Gene R. Nichol is arguably our state’s leading expert on the subject of poverty. His new book, The Faces of Poverty in North Carolina, reveals the many years of interviews and research he’s done on the subject. Nichol will be interviewed by the best-selling novelist John Grisham at Orange Literacy’s annual fundraiser, Writers for Readers. In today’s post, Nichol discusses the link between poverty and literacy, and invites all of us to consider supporting Orange Literacy. More information can be found at: http://orangeliteracy.org/wfr19/. Follow them on Twitter at @OrangeLiteracy.
I’ve spent a good deal of time, over the last decade, in low income communities in North Carolina. That work has taught me, close up, that the economic hardship experienced by many of our sisters and brothers is more intense, more constraining, more debilitating than most of us imagine. Wrenching poverty amidst great plenty is, no doubt, this state’s greatest challenge.
But it’s also true that in every locale and corner of North Carolina remarkable folks are to be found who – with few resources, but with strong skills, unyielding determination and stout hearts – struggle selflessly to sustain and empower those who are, at least temporarily, having a tough time of it. Orange Literacy shares both those roots and those aspirations. And it makes a bold and decided difference in the opportunities and life chances afforded to many of our most determined, resilient and clearly heroic colleagues.
No doubt the path to literacy and educational opportunity is also soundly linked to dignity and social justice. As Susan Attermeier, Orange Literacy’s co-founder, puts it: “every staff and every volunteer here understands that an adult who cannot read or write feels alienated from society and does not have access to economic security and the fulfillment of her personal dreams.” Orange Literacy’s inspiring students demonstrate, daily, the pride that attaches to newly gained job opportunities, previously unavailable promotions, and hard-won academic achievements. Parents learn the joy of helping their kids in school. And, maybe most telling, students gain the satisfaction of taking risks, striving hard and meeting their best aspirations.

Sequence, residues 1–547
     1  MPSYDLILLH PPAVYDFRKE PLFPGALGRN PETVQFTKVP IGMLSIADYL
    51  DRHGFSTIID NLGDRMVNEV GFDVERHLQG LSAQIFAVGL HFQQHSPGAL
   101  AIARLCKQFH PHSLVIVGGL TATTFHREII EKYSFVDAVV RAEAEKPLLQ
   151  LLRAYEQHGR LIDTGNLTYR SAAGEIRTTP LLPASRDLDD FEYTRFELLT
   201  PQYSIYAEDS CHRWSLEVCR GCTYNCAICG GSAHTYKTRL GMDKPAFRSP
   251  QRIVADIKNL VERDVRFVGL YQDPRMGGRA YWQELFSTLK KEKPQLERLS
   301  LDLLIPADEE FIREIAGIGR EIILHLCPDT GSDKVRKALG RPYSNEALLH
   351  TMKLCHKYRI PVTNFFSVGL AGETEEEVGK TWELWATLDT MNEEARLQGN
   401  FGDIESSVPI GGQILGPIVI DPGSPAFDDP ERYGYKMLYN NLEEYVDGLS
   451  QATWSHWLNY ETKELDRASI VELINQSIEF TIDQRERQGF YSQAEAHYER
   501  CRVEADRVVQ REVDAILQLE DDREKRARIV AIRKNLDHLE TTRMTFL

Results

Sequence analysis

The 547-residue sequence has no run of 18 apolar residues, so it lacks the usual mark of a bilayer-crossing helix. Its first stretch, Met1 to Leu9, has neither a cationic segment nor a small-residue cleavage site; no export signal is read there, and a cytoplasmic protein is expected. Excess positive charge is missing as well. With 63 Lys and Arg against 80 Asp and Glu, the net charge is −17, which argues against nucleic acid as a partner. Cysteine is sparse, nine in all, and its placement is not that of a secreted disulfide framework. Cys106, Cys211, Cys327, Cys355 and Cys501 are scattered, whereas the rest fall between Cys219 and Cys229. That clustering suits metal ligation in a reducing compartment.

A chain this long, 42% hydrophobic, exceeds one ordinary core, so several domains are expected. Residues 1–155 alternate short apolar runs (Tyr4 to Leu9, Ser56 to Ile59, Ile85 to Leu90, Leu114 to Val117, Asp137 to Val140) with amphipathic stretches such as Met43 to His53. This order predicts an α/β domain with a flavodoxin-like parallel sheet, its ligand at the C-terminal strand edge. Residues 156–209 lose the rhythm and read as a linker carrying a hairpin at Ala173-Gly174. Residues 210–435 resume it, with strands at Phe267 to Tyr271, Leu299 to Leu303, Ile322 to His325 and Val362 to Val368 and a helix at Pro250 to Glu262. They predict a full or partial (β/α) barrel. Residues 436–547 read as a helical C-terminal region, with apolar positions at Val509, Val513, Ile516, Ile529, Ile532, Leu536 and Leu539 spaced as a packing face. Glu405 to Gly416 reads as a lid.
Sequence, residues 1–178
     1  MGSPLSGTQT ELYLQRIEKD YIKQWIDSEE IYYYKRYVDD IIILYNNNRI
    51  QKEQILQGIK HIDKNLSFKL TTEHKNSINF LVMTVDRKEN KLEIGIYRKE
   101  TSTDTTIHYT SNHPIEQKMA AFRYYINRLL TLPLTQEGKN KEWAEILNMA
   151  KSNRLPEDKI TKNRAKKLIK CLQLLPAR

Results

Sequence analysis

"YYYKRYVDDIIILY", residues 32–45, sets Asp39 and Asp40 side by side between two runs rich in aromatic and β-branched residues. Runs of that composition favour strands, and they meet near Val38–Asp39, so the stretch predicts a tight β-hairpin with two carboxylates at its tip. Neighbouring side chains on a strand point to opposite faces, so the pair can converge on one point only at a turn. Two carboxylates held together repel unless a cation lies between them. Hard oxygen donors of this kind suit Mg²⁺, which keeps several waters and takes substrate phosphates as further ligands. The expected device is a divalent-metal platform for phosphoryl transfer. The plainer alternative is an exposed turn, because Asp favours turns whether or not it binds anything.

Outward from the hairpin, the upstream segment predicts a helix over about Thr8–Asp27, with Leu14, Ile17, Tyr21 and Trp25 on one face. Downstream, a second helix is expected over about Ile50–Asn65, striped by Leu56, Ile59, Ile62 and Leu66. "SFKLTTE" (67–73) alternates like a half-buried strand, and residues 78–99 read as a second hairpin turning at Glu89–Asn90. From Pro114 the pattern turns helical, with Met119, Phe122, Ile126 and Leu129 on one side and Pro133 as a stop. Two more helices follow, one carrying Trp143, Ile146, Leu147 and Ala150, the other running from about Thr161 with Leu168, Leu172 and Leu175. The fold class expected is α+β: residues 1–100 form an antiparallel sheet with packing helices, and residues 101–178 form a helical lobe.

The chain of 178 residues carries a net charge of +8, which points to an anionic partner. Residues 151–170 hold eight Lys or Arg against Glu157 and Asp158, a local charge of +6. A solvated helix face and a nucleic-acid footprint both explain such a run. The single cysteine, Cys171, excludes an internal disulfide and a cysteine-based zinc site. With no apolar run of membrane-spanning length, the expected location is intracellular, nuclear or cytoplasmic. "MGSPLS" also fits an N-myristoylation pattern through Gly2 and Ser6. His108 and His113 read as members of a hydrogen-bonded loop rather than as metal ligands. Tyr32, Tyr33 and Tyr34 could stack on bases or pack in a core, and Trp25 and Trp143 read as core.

I’m deeply honored to be able to join in this year’s Orange Literacy program. (And beyond grateful for John Grisham’s help.) One of the folks I was fortunate to interview extensively for this book is Pat Yates – for many years the much-loved literacy director of Wayne County in eastern North Carolina. Pat said that “one of the biggest underlying causes of the wrenching problems in Goldsboro is low literacy,” or what she sees as “the ability to function most effectively in the world.”
In the old days, Pat says, “real literacy wasn’t really necessary to get a decent job.” Good, family-sustaining jobs “weren’t dependent on those sorts of skills.” But now, “jobs with every significant employer in our county require analysis, language, and technical skills.” Those without them come to feel “isolated, excluded and disempowered.” Helping folks move past these hardships, past functional illiteracy, Pat reports, is truly “the work of the heart.”
Congratulations to Orange Literacy for its marvelous, sustained and expanding work of the heart.
Gene R. Nichol is the Boyd Tinsley Distinguished Professor of Law at the University of North Carolina at Chapel Hill, and the author of The Faces of Poverty in North Carolina: Stories from Our Invisible Citizens, just published by UNC Press.